1950s Oscar Egg City Bike
The details of this bicycle's construction may never be known. I lament this, while in my head plays a black and white silent film in which Humpty Dumpy, clad in an old work apron, sits bent over a pile of lugwork with a file and polishing cloth, his elbows moving jerkily as music builds to a crescendo. 

Tuesday, September 16, 2014

Machine Memory

Rawland Rolling: Battle Road Trail
In the corner of the dusty storage room the bike slumped against the wall, front wheel and fender beside it. As I knelt to attach them, I tried to remember where it was that I'd taken the bicycle last time I rode it. Whose car was it? Where did we go? I was drawing a blank. As if searching for clues, I rummaged in the handlebar bag, but it had been cleaned out with an unusual, for me, meticulousness. Empty. Then I stuck my hand in the one pocket where I hadn't yet looked and fished out four neatly folded bills: a ten, a five, and two ones. Was this discovery a surprise, or did I know the cash was there all along, looking for it without realising it? I was about to pocket the money, when a strange feeling of guilt crept over me… as if I was stealing from the bike. I placed it back in the bag and then, mentally rolling my eyes at myself, dragged the bike outside into the morning sunlight. In that dark room, I had allowed myself to feel haunted by its presence. But after all, it is only a bicycle. A machine. 

Rawland Rolling: Walden Pond
In the dry leaf-scented, early Autumn heat I rode and rode through once-familiar roads, up and down once-familiar hills. There were times when the bike seemed to know the way better than I did. I would approach an intersection, uncertain of how to continue, when the bike would, ever so subtly, pull to the right, or the left, and this would always be the correct way. My own route memory lagged slightly behind, synchronising with the bike's only after we'd make the turn.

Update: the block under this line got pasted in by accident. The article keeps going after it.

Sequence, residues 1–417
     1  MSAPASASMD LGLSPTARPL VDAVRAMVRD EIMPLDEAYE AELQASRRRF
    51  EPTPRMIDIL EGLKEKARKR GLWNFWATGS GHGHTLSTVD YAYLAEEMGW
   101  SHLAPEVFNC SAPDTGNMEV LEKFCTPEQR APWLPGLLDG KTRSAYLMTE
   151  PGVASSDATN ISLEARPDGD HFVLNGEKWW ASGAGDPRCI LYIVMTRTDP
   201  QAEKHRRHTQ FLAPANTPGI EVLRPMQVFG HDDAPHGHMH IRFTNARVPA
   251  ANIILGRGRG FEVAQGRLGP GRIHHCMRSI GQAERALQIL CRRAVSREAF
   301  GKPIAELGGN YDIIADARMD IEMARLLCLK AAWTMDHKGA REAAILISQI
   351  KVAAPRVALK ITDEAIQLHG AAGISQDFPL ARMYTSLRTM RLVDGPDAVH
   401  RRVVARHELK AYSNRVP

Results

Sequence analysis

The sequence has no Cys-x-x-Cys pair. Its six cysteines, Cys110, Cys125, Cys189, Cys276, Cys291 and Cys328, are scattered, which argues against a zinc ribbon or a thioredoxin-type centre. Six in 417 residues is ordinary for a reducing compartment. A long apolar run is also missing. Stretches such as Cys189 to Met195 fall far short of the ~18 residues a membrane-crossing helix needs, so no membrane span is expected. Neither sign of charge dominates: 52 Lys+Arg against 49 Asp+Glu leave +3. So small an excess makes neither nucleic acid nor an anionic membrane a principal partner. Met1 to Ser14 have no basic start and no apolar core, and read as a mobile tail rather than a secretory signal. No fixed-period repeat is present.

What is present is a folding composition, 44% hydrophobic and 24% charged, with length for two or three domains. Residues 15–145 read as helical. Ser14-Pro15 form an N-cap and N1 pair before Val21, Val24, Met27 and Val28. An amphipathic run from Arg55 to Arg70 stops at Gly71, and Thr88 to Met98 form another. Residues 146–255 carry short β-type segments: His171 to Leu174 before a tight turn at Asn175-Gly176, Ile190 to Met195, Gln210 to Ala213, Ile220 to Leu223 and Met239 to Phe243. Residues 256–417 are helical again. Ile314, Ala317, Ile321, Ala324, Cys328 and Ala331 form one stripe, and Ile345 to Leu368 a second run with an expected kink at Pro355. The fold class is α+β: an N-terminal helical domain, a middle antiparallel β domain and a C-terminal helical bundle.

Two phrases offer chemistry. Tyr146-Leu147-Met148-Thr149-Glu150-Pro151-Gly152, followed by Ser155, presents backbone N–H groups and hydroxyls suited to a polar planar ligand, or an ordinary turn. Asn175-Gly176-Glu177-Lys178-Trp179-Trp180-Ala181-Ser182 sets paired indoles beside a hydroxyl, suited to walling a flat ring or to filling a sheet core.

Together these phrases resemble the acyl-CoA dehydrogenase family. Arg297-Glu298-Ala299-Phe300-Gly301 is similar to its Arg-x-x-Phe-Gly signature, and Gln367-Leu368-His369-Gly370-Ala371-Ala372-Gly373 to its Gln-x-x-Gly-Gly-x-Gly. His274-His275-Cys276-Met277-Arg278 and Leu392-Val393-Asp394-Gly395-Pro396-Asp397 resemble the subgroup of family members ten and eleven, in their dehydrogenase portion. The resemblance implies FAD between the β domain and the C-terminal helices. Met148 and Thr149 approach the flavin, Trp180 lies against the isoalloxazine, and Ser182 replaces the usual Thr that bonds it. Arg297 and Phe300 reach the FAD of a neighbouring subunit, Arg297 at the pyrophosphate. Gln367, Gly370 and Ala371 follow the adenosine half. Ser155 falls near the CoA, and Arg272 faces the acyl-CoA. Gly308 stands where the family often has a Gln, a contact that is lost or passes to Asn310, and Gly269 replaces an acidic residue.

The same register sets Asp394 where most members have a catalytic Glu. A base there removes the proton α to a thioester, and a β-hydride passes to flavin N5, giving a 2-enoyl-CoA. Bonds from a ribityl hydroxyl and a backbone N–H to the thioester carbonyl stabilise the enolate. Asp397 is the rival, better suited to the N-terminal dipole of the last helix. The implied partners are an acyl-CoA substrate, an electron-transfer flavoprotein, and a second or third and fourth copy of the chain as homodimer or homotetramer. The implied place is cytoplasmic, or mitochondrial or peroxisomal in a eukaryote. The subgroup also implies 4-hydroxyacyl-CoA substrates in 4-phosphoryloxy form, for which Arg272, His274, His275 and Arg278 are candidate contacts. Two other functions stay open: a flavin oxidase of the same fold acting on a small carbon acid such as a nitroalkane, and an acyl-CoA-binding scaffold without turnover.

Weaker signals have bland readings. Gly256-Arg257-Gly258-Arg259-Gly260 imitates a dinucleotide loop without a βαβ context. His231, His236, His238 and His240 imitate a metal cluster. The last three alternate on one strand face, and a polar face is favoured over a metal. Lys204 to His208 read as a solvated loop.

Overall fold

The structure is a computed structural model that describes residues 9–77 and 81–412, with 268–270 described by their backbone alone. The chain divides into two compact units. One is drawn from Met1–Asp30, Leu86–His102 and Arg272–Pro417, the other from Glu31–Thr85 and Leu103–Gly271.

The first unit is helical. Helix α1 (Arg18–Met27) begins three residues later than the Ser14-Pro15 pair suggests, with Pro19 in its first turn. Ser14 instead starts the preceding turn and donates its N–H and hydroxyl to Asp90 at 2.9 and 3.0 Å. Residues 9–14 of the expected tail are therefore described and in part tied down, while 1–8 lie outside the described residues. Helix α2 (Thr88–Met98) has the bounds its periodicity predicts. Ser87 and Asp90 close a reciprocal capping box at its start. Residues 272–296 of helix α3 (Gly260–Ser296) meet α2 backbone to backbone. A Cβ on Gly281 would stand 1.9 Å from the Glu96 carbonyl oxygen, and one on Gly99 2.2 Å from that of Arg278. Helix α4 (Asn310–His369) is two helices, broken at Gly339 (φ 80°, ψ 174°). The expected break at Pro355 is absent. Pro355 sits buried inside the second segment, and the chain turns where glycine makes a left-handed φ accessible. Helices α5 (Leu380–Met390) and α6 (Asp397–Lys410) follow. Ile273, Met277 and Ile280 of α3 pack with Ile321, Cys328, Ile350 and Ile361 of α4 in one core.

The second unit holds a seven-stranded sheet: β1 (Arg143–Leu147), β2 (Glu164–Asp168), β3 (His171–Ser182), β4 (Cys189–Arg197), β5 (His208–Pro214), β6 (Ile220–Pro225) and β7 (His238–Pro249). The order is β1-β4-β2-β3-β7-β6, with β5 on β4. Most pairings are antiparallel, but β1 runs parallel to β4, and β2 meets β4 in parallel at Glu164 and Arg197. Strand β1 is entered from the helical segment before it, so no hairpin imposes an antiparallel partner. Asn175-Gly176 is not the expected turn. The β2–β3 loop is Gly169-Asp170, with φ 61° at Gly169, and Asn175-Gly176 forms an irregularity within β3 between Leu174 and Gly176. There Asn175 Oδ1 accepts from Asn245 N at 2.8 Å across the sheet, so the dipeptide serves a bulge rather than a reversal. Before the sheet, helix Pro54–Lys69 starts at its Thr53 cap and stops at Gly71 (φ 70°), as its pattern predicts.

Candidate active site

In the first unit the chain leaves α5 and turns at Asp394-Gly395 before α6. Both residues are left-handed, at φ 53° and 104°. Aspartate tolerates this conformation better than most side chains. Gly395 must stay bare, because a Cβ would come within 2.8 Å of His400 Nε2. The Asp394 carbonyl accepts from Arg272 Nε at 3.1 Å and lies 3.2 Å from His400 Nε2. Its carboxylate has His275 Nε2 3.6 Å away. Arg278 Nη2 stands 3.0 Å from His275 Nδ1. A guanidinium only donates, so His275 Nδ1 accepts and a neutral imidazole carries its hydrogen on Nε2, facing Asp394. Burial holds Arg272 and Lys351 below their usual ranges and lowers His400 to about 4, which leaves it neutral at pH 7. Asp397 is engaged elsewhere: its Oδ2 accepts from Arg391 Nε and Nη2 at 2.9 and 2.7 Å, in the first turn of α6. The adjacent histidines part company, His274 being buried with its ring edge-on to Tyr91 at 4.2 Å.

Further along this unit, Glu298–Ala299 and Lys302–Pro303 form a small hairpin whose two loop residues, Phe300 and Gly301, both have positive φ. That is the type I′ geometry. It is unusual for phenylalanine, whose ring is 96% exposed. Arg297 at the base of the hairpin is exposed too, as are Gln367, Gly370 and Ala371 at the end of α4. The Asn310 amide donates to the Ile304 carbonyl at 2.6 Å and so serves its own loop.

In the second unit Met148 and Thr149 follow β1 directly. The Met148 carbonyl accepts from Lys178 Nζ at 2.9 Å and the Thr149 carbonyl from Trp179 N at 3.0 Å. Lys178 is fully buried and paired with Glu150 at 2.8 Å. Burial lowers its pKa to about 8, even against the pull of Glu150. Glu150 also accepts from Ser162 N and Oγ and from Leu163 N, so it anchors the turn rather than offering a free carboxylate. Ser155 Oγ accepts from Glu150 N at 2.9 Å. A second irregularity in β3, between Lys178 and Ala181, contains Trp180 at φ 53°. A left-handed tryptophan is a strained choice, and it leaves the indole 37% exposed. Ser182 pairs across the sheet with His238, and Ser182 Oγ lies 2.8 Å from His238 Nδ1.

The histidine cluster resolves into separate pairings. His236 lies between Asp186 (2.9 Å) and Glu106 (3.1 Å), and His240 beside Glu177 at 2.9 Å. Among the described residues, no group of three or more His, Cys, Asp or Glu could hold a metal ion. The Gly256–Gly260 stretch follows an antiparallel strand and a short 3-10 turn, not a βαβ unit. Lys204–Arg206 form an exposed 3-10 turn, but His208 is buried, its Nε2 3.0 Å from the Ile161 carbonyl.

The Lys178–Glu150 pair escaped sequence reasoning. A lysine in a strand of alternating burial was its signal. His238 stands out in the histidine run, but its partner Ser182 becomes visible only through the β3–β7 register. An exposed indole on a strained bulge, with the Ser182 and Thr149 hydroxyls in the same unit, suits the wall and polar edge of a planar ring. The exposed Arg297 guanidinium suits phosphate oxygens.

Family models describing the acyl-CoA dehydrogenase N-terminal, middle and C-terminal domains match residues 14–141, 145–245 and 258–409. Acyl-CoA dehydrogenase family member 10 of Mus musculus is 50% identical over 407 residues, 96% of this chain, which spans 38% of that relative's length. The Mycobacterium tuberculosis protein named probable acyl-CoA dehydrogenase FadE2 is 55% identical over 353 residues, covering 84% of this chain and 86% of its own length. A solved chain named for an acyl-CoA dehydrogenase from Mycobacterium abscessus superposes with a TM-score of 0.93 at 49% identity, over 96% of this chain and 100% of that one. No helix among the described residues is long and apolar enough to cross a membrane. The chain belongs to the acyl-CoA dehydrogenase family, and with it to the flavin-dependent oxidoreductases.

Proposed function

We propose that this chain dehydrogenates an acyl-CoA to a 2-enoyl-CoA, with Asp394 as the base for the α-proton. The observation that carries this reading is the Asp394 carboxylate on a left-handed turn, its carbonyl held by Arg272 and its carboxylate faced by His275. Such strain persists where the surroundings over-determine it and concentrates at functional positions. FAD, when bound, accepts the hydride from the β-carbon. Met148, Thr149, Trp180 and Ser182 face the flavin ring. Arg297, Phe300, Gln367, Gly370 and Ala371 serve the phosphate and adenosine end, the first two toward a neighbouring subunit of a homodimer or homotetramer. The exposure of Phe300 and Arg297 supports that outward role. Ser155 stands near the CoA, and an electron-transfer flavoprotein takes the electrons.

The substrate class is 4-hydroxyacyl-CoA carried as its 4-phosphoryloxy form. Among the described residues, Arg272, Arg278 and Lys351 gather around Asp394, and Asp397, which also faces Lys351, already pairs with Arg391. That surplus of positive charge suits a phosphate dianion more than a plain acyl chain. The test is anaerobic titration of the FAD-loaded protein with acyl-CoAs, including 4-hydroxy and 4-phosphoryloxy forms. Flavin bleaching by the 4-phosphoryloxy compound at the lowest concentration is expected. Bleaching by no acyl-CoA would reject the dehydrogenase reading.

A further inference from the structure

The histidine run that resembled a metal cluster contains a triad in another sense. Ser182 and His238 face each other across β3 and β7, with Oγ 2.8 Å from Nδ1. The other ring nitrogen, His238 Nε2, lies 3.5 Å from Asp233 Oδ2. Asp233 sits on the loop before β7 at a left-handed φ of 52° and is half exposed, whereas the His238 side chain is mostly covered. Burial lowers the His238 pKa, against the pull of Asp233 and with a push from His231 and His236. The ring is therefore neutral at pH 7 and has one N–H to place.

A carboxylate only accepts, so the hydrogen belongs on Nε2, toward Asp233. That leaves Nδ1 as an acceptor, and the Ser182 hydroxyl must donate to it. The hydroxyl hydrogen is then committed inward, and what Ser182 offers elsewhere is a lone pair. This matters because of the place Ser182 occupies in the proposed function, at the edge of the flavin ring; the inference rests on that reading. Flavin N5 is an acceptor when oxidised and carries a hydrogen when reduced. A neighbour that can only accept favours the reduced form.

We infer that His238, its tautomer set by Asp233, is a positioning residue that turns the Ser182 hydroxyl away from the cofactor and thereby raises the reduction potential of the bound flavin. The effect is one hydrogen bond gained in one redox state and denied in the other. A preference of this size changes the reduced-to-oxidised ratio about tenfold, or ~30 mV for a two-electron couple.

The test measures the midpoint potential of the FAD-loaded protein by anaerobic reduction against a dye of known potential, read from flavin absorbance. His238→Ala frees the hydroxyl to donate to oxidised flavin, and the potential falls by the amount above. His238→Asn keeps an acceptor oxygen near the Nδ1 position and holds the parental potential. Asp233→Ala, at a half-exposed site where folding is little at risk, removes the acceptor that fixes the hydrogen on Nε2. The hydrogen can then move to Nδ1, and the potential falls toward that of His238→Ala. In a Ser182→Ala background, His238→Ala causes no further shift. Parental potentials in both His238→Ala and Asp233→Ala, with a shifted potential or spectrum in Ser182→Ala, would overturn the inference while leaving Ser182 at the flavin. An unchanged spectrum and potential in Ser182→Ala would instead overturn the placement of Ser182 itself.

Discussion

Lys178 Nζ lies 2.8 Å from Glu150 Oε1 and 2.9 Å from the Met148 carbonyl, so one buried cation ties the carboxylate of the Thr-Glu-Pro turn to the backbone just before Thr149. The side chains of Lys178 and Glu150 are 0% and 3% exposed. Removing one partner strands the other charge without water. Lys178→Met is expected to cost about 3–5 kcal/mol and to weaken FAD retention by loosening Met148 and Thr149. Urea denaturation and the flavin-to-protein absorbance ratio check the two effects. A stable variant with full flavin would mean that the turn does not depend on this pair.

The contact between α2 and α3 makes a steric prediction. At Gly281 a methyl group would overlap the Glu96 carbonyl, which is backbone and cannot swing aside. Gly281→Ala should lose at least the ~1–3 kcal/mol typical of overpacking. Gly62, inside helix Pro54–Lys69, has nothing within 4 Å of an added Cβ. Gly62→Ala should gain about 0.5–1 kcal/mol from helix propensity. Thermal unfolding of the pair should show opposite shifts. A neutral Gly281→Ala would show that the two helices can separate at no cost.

Rawland Rolling: Battle Road Trail
On the dirt road, I relaxed on a descent through loose sand. I rolled blithely along the narrow zig-zagging boardwalks that cross the swamps. I had all but forgotten how to do this kind of riding. But my view from the saddle - the view of the dirty handlebars, sun-faded bag, and bit of fat cream tire peaking out - brought it all back. Riding here, the bike clicked into place, and the boardwalk and sand clicked into place, as if they were meant to go together - pieces in a visuo-tactile jigsaw puzzle.   

Rawland Rolling: Walden Pond
When I stopped for food, I reached again for the money. It felt right this time, as if the bicycle was treating me to lunch on this ride. That was what that money was meant for, and only that. But now, crumpled underneath the folded bills, I felt something else jammed at the bottom of the pocket, and pulled it out. It was a half-discinegrated piece of paper with faded text. On closer inspection I saw it was a piece of an old route sheet. And, studying it closer still, I saw it was the route of the 300K brevet I'd abandoned. Strangely, this made me smile. And then, for reasons unknown, instead of throwing it in the waste bin I was standing next to, I crumpled it back up and pressed it into the bottom of the pocket where I'd found it. 

Rawland Rolling: Walden Pond